(3) What do you and your spouse disagree about when it comes to money?
The answer to each question reveals much about the prospects. It tells you what is important to them. It helps you determine if they are a good fit for you and for your firm. It also gives you insight into their “whole net worth,” which include these asset classes:
?Innate assets–These are natural talents (athletics, writing, crocheting, juggling, speaking, music), morals and health.
? Learned assets–anything learned over one’s lifetime. In addition to a formal education, these assets include skills and experiences such as craftsmanship, international travel and life experiences.
? Networking capital–or “whom you know.” Personal and professional connections have great impact on clients’ whole net worth balance sheet. The contacts attest to their resourcefulness–the speed with which they can find someone who can open that door for you or get you an answer quickly.
? Financial Assets–These are the movable and immovable property one owns. Don’t think about financial assets as dollars and decimal points, but instead as a means to an end. The support structure, when used thoughtfully and purposefully, can promote growth and vitality among all of the asset classes.
The fundamental underlying principle of the “whole net worth” concept is family. An individual’s net worth rises and falls with the overall well-being of the family.
Working with clients to understand and appreciate their whole net worth is an exercise that not only has tremendous value, but is unique. It is something other wealth management firms simply don’t do. They only focus on one dimension–the financial dimension. If in your initial meeting with a client you are focused not on a person as a financial being but as a whole being, then you send a loud, positive message.
At Lenox Advisors, we ask client couples to articulate financial values they have in common by creating a money constitution. Similar to a corporate mission statement, the money constitution summarizes–in writing–what is important to them. The money constitution serves as the basis upon which all decisions are based.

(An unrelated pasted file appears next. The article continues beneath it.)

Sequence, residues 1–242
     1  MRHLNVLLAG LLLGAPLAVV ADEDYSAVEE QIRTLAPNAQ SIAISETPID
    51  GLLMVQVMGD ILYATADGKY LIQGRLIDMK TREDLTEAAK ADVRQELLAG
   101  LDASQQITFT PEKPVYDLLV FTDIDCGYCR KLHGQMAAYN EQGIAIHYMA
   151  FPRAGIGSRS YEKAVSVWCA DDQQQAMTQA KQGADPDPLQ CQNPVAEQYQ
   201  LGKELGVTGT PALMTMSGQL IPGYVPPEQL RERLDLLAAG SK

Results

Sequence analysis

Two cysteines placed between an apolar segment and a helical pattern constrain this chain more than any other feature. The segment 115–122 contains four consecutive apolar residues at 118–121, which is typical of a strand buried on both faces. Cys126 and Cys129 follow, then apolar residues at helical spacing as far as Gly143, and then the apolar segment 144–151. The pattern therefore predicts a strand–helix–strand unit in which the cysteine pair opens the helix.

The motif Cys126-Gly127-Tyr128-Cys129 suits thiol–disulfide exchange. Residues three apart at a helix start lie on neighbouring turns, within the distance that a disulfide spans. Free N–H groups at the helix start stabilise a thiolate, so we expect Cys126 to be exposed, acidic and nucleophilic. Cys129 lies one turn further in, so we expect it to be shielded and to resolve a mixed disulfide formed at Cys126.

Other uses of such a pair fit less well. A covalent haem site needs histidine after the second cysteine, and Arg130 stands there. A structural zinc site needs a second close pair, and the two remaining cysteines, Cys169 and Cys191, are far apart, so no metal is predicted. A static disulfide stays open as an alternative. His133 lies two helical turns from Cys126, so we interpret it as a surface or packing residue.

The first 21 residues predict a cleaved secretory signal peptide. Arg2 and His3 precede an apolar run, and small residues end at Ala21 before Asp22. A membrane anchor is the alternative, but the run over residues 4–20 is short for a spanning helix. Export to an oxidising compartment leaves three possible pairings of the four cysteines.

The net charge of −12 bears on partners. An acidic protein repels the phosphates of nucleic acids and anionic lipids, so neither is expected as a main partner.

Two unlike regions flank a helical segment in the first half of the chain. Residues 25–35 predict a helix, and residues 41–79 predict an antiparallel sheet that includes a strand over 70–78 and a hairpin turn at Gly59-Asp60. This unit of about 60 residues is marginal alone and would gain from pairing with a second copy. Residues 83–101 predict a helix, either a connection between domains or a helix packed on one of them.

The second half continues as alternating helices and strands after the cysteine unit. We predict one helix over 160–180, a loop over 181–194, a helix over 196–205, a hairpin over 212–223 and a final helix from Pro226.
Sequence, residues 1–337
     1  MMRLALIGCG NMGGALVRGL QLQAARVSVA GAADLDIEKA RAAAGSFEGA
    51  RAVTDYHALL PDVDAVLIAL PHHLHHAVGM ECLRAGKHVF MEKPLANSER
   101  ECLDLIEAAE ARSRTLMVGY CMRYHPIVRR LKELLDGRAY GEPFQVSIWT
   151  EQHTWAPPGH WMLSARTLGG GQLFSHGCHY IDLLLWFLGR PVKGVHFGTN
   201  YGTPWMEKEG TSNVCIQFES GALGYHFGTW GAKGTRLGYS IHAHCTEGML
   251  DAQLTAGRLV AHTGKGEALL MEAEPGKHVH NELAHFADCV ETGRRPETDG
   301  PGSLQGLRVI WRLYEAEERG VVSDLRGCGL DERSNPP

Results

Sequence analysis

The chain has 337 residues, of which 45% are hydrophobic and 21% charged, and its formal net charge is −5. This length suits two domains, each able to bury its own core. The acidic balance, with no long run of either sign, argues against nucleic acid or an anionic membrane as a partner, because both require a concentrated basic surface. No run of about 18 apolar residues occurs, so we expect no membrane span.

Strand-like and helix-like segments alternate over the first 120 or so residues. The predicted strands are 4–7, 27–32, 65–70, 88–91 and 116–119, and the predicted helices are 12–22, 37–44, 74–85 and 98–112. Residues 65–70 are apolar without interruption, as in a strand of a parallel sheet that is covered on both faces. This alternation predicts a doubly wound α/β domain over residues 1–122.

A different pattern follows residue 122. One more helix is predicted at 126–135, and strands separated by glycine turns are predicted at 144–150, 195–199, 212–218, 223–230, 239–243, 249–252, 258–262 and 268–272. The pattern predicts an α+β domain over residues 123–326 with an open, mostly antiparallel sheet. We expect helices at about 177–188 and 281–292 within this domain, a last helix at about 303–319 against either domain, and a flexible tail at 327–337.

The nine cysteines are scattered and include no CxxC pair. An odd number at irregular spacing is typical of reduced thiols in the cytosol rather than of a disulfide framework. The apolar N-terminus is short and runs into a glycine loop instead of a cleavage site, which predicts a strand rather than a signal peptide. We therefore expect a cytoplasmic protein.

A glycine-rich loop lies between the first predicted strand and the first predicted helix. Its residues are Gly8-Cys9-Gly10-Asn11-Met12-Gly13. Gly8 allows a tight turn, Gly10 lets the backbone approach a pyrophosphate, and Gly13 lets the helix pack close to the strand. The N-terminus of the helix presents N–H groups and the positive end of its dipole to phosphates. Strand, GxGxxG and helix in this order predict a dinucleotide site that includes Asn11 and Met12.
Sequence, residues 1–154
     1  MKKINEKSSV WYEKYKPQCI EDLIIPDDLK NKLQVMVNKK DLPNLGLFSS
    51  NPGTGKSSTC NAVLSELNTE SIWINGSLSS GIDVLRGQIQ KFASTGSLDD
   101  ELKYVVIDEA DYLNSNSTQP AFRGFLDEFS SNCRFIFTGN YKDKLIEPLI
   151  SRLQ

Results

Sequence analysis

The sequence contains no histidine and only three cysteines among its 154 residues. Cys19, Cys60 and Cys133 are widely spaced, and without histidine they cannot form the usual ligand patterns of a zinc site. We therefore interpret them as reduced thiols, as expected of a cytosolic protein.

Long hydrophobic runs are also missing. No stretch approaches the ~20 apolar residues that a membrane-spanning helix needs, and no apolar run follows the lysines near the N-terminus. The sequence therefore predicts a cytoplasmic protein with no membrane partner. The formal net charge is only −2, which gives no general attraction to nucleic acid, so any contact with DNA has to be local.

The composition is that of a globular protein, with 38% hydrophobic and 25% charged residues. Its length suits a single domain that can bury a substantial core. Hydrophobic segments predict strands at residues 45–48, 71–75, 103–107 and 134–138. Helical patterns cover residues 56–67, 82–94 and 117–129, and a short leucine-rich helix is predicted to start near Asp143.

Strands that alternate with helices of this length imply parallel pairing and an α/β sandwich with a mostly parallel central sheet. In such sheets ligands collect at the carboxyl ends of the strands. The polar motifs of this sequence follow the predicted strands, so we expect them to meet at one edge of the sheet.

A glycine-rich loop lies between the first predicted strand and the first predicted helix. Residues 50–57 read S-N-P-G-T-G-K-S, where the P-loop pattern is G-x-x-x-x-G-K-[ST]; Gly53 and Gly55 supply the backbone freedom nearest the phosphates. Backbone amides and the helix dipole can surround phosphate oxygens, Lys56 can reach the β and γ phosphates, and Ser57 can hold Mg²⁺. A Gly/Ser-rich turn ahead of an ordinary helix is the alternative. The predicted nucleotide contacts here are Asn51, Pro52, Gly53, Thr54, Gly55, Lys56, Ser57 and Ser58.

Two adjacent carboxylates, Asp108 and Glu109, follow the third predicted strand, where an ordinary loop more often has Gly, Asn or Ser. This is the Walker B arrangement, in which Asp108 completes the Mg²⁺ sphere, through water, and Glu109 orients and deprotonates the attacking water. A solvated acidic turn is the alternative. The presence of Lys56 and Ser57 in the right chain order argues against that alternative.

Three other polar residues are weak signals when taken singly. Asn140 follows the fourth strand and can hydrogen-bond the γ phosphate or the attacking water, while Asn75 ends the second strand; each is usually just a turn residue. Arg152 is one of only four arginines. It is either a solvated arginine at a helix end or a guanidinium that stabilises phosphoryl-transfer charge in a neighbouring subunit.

Once you have a money constitution, you can strategize with clients about how to achieve their hopes, dreams and goals. The best way to do this is to go back to basics, using a simple little prop: the money-savvy piggy bank.
This piggy bank has 4 chambers: save, invest, spend and donate. These 4 chambers are a good visual reminder of the balance that clients need to strike between competing priorities. The value they put on philanthropy, for example, will impact the other chambers–and vice versa.
Your marketing strategy should mirror your client acquisition strategy. Market to the right audience–to clients you would enjoy working with, and with whom you share similar values. At Lenox, we market to “A” clients who share certain common denominators: they care about their kids, health and wealth.
Children come first on this list. Parents want to provide them with a quality education that prepares them for a life of independence and good decision-making. Armed with this insight, we developed a Money-Smart Kids program that gives parents the tools they need to raise financially literate children. The initiative is a marketing platform in that it gets us in front of the right prospects–people who care deeply about their children and want to prepare them for the wealth they will one day inherit.
The single most important thing you can do to improve your business is to be happy. Be joyful. Enjoy going to work every day. Greet your staff and your clients with vibrancy and enthusiasm. That can come from only 2 things: loving what you do; and enjoying the people you work with, including clients.
But remember: it isn’t just a personality test that qualifies prospects to work with you. They also need to meet other criteria to help you build your practice. They have to be your ambassadors, willing and able to refer you to others. They also have to qualify financially to work with you and be open to a full-service model.
When you build your practice around values, you bring more meaning to life for both you and your clients. That will keep both you and your clients firmly grounded about what is truly important in life.
Thomas J. Henske, CLU, ChFC, CLTC, CFS, CTS, CFP, is a partner at Lenox Advisors, a wholly owned subsidiary of National Financial Partners, New York. You may e-mail him at . This is an abridged version of a presentation he gave at the MDRT annual meeting in Toronto.